The output beam of laser 1605 is thus scanned in two dimensions over suitcases 1600, inducing second harmonic scattering of the output beam by certain materials, including a number of explosives, should those materials be present on the scanned surfaces of the suitcases 1600. The scattered second harmonic of the laser beam is detected via imaging optics 1612 and a narrow band spectral filter 1613 having a peak wavelength of 532 nm preferably by a gated detector array 1614, such as a CCD or CMOS array. Alternatively, the detector array need not be gated, although this is not preferred.

If more than a threshold amount of scattered second harmonic illumination at wavelength 532 nm is received by gated detector array 1614 within a predetermined time window during each laser pulse, an alarm indication is provided by computer 1611, typically at a display 1615. The alarm indication indicates that an explosive material having certain second harmonic scattering characteristics may be present on a surface of the suitcase 1600. Display 1615 preferably also visually indicates the location of the detected suspect material on the suitcase 1600, here indicated on display 1615 at reference numeral 1616 and on the suitcase 1600 at reference numeral 1617.

The output beam of second laser 1606 is also scanned in two dimensions over suitcases 1600, inducing luminescence by certain materials, including a number of explosives, should those materials be present on the scanned surfaces of the suitcases 1600. The luminescence induced by the laser beam is detected preferably by a plurality of detector assemblies 1618, each preferably including imaging optics 1619, a spectral filter 1620 and a gated detector array 1621, such as a CCD or CMOS array. Alternatively, the plurality of detector assemblies 1618 may be replaced by a single broadband detector assembly, although this is not preferred. Alternatively, the detector array need not be gated, although this is not preferred.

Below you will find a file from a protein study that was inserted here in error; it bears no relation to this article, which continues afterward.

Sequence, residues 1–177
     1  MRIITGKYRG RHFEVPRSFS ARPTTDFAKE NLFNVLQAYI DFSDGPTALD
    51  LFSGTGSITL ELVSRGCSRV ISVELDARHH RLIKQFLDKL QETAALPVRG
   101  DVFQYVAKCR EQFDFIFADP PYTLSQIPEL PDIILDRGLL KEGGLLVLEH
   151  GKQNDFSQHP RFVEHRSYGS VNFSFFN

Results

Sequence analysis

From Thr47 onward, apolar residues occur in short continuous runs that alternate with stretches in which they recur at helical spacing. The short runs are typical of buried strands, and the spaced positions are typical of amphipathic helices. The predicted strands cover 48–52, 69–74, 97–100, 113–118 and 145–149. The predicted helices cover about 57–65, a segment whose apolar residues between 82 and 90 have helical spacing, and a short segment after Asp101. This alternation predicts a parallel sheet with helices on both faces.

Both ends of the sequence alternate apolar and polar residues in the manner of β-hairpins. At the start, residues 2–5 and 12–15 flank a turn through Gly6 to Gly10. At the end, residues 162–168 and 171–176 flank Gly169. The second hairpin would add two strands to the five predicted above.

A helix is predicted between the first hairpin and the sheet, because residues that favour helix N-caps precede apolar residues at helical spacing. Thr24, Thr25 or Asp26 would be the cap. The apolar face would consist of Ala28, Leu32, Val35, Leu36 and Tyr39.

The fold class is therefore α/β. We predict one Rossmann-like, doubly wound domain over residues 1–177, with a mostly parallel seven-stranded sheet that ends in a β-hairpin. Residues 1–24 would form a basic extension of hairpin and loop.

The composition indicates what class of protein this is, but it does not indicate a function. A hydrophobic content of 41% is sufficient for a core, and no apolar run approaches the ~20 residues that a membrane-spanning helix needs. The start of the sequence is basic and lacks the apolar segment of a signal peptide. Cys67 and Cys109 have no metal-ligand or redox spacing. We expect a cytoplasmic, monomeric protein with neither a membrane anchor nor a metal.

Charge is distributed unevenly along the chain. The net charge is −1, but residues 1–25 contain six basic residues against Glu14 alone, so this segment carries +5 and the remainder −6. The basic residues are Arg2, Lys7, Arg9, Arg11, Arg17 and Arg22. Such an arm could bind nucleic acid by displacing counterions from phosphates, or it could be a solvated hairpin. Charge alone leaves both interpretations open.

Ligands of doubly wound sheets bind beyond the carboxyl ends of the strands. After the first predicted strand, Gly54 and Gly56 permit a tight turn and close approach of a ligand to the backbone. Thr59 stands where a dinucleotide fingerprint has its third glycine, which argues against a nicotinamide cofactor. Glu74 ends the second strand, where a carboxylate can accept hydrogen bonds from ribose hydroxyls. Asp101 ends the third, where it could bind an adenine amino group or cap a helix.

Preferably, the spectral range of each spectral filter 1620 of each detector assembly 1618 differs from the spectral range of each other such filter. The following spectral ranges are preferably provided, each by a different spectral filter 1620 and corresponding to the following gate intervals:

400–430 nm—10 microseconds

450–540 nm—50 nanoseconds

670–700 nm—100 microseconds.

If more than a threshold amount of luminescence is received by any one or more gated detector in gated detector array 1621 within its time window and its spectral range, an alarm indication is provided by computer 1611, typically at display 1615. This alarm indication indicates that an explosive material having certain luminescence characteristics may be present on a surface of the suitcase 1600. Display 1615 preferably also visually indicates, at location 1616 on the display 1615, the location 1617 on the suitcase 1600 of the detected suspect material.

The output beam of third laser 1607 is also scanned in two dimensions over suitcases 1600, inducing Raman scattering by certain materials, including explosives, should those materials be present on the scanned surfaces of the suitcases 1600. The Raman scattering is detected by a plurality of detector assemblies 1624, each preferably including imaging optics 1625, a spectral filter 1626, a notch filter 1627 and a gated detector array 1628, such as a CCD or CMOS array. Alternatively, the plurality of detector assemblies 1624 may be replaced by a single broadband detector assembly, although this is not preferred. Alternatively, the detector array need not be gated, although this is not preferred.

Preferably, the spectral range of each spectral filter 1626 of each detector assembly 1624 differs from the spectral range of each other such filter. The following Raman shifts relative to the laser excitation wavelength are preferably provided, each by a different spectral filter 1626:

880–885 cm (−1)

1360–1365 cm (−1)

1270–1290 cm (−1)

2980–3000 cm (−1).

If more than a threshold amount of Raman scattering is received by any one or more gated detector in array 1628 during the time interval of the laser excitation pulse and its spectral range, an alarm indication is provided by computer 1611, typically at display 1615. This alarm indication indicates that an explosive material having certain Raman scattering characteristics may be present on a surface of the suitcase 1600. Display 1615 preferably also visually indicates, at location 1616 on the display 1615, the location 1617 on the suitcase 1600 of the detected suspect material.